Spanish Muslims decry Al Qaeda
Last Thursday, Spain's Islamic Commission issued a fatwa condemning Osama bin Laden and his followers.
Amid the anniversary events of the March 11 terrorist bombings, it was no great surprise that Al Qaeda representatives condemned last week's Democracy, Terrorism, and Security Summit here. What did grab attention was an unprecedented fatwa that Spain's own Islamic Commission issued Friday against Osama bin Laden and his followers.
The fatwa is unlikely to have much global impact, but in Spain - where Muslims, Jews, and Christians coexisted peacefully for centuries - the move by the country's largest Muslim organization is seen as a welcome gesture. Indeed, a year after Islamist terror groups made Spain a key front in their global jihad, Muslims here are speaking out against militant Islam with renewed vigor.
On Saturday, barely a day after the Summit - attended by world leaders including UN Secretary General Kofi Annan, Afghan President Hamid Karzai, and former US Secretary of State Madeleine Albright - had issued its recommendations for democracy's response to terrorism, an Al Qaeda-linked website published its attack.
Threatening the Summit's participants, the inflammatory statement reportedly said, "You infidels, whatever you prepare, you will be defeated and never be victorious because Allah has promised us victory." The statement was attributed to Abu Maysara al-Iraqi, the "media coordinator" for Iraqi Al Qaeda affiliate Abu Musab al-Zarqawi.
But Spain's Muslim leaders had already claimed the high ground.
The Islamic Cultural Center of Madrid, for example, which is the country's largest mosque, draped itself with a huge commemorative banner that denounced terrorism and applauded tolerance. It sent memorial wreaths that were displayed at the central commemorative festivities held at the Atocha train station last Friday.
In Fuengirola, cleric Mohammed Kamal Mustafa said Friday that the terrorists who committed the attacks in Madrid last March "are not Muslims and have nothing to do with Islam, but only exploit the religion's name to inflict harm on innocent people."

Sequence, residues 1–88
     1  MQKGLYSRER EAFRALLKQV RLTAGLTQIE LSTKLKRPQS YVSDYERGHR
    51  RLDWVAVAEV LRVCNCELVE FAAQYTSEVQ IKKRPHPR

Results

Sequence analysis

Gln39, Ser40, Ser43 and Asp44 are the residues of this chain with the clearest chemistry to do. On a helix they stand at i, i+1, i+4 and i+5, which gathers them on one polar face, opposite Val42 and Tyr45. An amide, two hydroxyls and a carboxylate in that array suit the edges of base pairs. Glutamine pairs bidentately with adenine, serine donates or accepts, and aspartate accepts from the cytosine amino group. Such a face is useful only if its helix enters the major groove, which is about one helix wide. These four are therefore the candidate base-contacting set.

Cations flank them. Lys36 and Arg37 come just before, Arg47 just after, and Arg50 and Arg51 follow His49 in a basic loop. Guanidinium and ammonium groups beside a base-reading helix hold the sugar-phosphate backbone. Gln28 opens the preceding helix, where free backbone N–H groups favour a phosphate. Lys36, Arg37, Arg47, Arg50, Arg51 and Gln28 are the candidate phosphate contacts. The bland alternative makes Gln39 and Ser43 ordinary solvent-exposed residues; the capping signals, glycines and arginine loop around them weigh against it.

And in Valencia, an estimated 100 Muslims donated blood at their mosque to show solidarity with the victims of terrorism.
Most significant, however, was the fatwa issued by the Islamic Commission, the organization that mediates between the Spanish government and the nation's Muslim community.
The edict condemns bin Laden and Al Qaeda members as apostates for their use of violence, and it calls on Muslims to fight actively against terrorism. The fatwa is the first of its kind to use the weight of religious authority to specifically denounce Mr. bin Laden, and it serves as a powerful reminder that the vast majority of Spain's nearly 1 million Muslims condemn terrorist tactics.
"We see this as our contribution," says Mansur Escudero, secretary general of the Islamic Commission. "a declaration from the Muslim community that says that bin Laden and Al Qaeda are not Muslims - they are outside of Islam."
The edict cites the Koran and the traditions of the life of the Prophet Muhammad, or Sunna, in condemning bin Laden. "Since bin Laden and his organization defend the legality of terrorism and base that defense in the sacred Koran and the Sunna ... [they] have made themselves apostates."